Evie O’Neill has been exiled from her boring old hometown and shipped off to the bustling streets of New York City—and she is pos-i-tute-ly ecstatic. It’s 1926, and New York is filled with speakeasies, Ziegfeld girls, and rakish pickpockets. The only catch is that she has to live with her uncle Will and his unhealthy obsession with the occult.
Evie worries he’ll discover her darkest secret: a supernatural power that has only brought her trouble so far. But when the police find a murdered girl branded with a cryptic symbol and Will is called to the scene, Evie realizes her gift could help catch a serial killer.
As Evie jumps headlong into a dance with a murderer, other stories unfold in the city that never sleeps. A young man named Memphis is caught between two worlds. A chorus girl named Theta is running from her past. A student named Jericho hides a shocking secret. And unknown to all, something dark and evil has awakened.
I love Libba Bray’s books. The Gemma Doyle trilogy is one of my favourite series, and I loved Beauty Queens when I read it last year. Whenever I hear she has a new book coming out, I get excited about it.
I borrowed this initially from the library but wasn’t able to read it before it was due back, so I ended up buying the e-book from the Kobo store.
I read on Libba Bray’s website the other day that this is intended to be the first of a four-book series, and I absolutely can’t wait to read more books set in this world!
The story takes place in the 1920s, where young Evie gets herself in trouble and her parents decide to send her to New York City to live with her uncle, who runs a museum of supernatural objects. It turns out Evie has an ability to read objects and find out things about the owner – in other words, she’s a diviner. Evie has kept this ability a secret from people, but while her uncle assists the New York police with a murder investigation, it turns out that her ability may prove useful.
The murder turns out to be one in a series of murders, and Evie, her uncle, his assistant Jericho, and mysterious Sam are determined to get to the bottom of things.
I loved this book. It was fun and downright creepy at times, which of course was right up my alley. The murders are centered around someone named Naughty John, who was supposedly arrested and executed years earlier. The scenes where the murderer stalks or lures his victims are spooky, as is the nature of the murders, with missing body parts and references to the occult. I have been on a bit of a supernatural/horror streak lately, and this book pleasantly surprised me with its chills and scares. I really wasn’t expecting it to be genuinely scary at times.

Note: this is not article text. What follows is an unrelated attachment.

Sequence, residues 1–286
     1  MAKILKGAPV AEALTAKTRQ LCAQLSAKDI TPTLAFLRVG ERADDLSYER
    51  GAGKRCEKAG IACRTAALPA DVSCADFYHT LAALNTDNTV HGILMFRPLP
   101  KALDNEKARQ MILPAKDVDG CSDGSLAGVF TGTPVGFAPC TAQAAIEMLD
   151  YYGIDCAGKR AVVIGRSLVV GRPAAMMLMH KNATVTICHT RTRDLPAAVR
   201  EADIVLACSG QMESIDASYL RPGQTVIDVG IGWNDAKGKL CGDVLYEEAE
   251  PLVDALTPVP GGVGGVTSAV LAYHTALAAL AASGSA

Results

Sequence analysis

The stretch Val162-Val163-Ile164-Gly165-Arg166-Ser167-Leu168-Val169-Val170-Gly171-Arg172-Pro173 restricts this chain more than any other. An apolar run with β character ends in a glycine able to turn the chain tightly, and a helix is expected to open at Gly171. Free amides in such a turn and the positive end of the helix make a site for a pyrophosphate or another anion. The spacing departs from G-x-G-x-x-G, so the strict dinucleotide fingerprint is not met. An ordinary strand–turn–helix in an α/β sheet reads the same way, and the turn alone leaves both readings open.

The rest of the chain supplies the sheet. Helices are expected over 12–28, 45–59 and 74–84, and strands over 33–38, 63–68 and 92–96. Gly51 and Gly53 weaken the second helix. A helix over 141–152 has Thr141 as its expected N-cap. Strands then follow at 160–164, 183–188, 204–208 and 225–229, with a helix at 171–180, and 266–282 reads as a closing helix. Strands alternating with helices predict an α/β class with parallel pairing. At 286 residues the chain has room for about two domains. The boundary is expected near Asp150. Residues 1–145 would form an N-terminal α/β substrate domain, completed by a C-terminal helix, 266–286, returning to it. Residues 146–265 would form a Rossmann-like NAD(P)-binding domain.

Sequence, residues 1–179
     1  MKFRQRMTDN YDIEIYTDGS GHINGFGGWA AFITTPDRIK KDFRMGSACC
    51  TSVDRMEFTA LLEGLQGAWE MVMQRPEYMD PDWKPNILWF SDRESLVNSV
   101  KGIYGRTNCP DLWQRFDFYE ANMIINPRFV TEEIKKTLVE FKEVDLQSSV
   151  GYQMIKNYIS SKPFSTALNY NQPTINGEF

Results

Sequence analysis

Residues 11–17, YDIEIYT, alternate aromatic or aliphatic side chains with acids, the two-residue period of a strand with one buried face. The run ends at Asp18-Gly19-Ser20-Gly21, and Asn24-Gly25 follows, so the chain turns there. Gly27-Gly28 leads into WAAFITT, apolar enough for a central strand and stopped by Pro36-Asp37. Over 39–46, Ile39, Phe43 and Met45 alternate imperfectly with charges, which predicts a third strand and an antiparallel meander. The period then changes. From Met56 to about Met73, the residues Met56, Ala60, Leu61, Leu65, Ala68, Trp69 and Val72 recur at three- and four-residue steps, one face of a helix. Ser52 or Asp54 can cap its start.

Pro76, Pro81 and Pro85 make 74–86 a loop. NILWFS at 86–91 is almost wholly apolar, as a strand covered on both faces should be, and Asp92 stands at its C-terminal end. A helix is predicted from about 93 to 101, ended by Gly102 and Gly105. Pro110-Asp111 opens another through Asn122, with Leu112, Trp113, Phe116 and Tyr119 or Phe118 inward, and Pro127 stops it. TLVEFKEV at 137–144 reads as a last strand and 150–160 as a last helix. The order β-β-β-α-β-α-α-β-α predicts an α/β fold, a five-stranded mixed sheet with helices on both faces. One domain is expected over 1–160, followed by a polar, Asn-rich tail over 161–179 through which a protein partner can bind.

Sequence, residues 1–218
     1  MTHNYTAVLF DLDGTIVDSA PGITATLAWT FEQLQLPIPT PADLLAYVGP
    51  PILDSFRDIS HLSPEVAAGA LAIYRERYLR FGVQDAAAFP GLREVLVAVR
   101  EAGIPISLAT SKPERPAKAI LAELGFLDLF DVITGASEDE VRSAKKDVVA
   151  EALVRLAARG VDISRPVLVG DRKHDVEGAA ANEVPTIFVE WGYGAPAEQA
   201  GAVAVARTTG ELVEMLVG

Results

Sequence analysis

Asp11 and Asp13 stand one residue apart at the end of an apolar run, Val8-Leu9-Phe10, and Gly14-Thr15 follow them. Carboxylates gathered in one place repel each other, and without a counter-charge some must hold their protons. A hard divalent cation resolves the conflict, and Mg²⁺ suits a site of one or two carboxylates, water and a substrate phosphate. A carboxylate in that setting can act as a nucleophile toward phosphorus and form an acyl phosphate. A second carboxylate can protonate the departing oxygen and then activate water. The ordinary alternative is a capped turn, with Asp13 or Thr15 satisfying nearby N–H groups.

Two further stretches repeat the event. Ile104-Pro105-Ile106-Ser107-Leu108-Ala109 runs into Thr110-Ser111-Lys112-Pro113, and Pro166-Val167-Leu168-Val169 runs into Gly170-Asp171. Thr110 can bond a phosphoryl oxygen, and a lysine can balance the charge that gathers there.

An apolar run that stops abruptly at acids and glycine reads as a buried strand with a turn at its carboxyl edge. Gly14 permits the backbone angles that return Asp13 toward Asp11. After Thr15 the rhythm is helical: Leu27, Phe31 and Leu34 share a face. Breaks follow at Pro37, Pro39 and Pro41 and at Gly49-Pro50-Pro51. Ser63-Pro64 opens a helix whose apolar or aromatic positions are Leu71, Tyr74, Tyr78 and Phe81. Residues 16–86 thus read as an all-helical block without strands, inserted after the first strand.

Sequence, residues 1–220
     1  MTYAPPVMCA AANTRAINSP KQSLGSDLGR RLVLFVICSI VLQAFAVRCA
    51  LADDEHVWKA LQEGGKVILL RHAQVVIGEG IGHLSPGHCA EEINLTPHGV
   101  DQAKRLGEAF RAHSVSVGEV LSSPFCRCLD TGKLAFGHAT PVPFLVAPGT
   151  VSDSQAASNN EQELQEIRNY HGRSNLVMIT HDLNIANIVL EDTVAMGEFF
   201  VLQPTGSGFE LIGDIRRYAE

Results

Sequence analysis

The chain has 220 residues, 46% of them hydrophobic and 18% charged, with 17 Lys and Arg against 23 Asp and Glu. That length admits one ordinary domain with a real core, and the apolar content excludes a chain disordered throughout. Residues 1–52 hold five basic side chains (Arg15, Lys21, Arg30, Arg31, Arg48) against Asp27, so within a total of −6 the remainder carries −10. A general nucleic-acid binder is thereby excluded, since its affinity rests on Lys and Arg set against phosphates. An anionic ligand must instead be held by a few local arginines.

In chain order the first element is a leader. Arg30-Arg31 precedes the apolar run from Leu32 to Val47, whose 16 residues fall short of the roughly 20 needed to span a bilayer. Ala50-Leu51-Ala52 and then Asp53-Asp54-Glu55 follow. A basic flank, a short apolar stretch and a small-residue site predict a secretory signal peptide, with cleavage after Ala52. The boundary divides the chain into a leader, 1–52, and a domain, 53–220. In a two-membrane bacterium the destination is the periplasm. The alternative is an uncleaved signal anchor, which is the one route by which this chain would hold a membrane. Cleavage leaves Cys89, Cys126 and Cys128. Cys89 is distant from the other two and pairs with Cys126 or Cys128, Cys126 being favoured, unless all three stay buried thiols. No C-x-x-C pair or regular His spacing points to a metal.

The setting was great, too. It was so fun to read this story during the flapper era, and Libba Bray seems to have gone to great care to include the slang and cultural references of that period. The writing was spectacular – just what I’ve come to expect from this author. The story didn’t rush to its conclusion, but it didn’t feel as though it dragged, either. I was again impressed with how Bray was able to weave the stories of so many characters into this book – she’s done it in her other books that I’ve read – and as I read the first third of the book and met each character, I knew that eventually they would be connected to each other and I enjoyed letting the story take its time to get there.
There are hints of romance throughout the book, but fortunately it is not the major focal point of the book (I don’t like too much romance in my books). The insta-love that I see in other YA books is nicely absent here, too. Also, as this is part of a series as I mentioned above, I appreciated that the main story was wrapped up, but that there were things I learned about the characters that seemed to be set up nicely for another book in the series.
And those characters! I loved Evie’s excitement and energy. She was a fun heroine, and she was funny. I actually laughed out loud while reading this a few times. I loved her chemistry with Sam (who she meets in the train station upon her arrival in New York City, and for reasons I won’t spoil, decides she never wants to see again). While reading their dialogue, I was reminded of one of my favourite movies, It Happened One Night, with Claudette Colbert and Clark Gable. Sam reminded me of Gable’s character, and it was just so fun to read the scenes between Sam and Evie.
The other characters were intriguing: the poet Memphis, mysterious Jericho, the Ziegfeld girl Theta, Uncle Will, even Evie’s ‘plain’ friend Mabel. I liked them all and I am really looking forward to reading more about Evie and her friends! I can’t wait for the second book!
This is a major recommended read from me if you like any of the following: YA fiction, the supernatural, stories that take place in historical settings, and fun reads! Be warned that it’s long (around 600 pages) but it’s great!